The foregoing, however, begs the following questions: Why does Holland believe that it has the ‘God-given right to interfere in our internal affairs’? Does Holland have an ulterior motive to erode our autonomy? On the surface, Holland’s political rhetoric and public disclosures seem to contradict its ultimate actions.
While Dutch politicians constantly advocate revisiting the current constitutional arrangements, the government/civil servants are continually tightening their grip on the internal affairs of the island. Now we can see the force that Holland can project by a mere threat to give Curaçao an instruction if it is unconstrained.
It is appalling to see this informal pressure being brought to bear by the Dutch government on virtually every single aspect of the Antillean governments.
The answers to these questions are a tangled web of historical facts, the overriding ones being the debt relief program and the judicial policy to promote good governance.
While I am still a proponent of those programs, I believe that the unfettered implementation of those programs without parliamentary oversight created a set of perverse incentives that render our policy makers powerless vis-à-vis their Dutch counterparts. Besides, the rigidities of the Rft leave little room for an autonomous fiscal policy (suis generis).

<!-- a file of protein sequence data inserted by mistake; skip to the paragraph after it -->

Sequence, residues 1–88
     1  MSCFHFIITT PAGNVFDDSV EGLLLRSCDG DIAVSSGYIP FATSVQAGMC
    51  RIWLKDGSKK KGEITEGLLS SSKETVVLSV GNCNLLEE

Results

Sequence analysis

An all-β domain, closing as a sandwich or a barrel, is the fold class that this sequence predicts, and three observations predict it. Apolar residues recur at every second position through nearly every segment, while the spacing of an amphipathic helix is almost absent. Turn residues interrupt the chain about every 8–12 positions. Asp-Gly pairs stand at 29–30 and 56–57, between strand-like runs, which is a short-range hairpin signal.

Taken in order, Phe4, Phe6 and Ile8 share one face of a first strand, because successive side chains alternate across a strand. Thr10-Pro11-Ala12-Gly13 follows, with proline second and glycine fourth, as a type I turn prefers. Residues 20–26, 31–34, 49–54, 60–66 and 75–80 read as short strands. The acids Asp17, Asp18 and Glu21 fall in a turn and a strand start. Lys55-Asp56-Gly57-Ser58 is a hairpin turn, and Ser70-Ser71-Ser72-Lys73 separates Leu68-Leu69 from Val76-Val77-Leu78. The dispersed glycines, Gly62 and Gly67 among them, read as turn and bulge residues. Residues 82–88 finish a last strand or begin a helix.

The making of our economic crisis
In 2005, an exuberant Antillean delegation returned from Holland after signing the so-called ‘Slotverklaring’. What they did not realize was that with that tactical victory, they had ceded the long-term strategic advantage of being the master of our own destiny. This concession led to a serious erosion of our autonomy, which only now is becoming evident. This ‘consensus agreement’ created a rootless political elite (Cft) that feels closer to The Hague than to the people of Curaçao, Sint Maarten or the BES islands. This outcome is reminiscent of what has happened with many other unequal treaties forced upon overseas territory by foreign powers.
As I have mentioned on previous occasions, as a consequence of this agreement and subsequent legislation, policy successes are now being defined as getting a passing grade from Cft. Little to no attention is being paid to the social-economic situation of the inhabitants of Curaçao and Sint Maarten. This all, at the expense of the social and economic situation.
With a floundering economy and a fractured political landscape, we are risking a total social collapse. All the gains that we made with the structural reforms in the healthcare, labor, and pension systems that are fundamental to our further development are now at risk.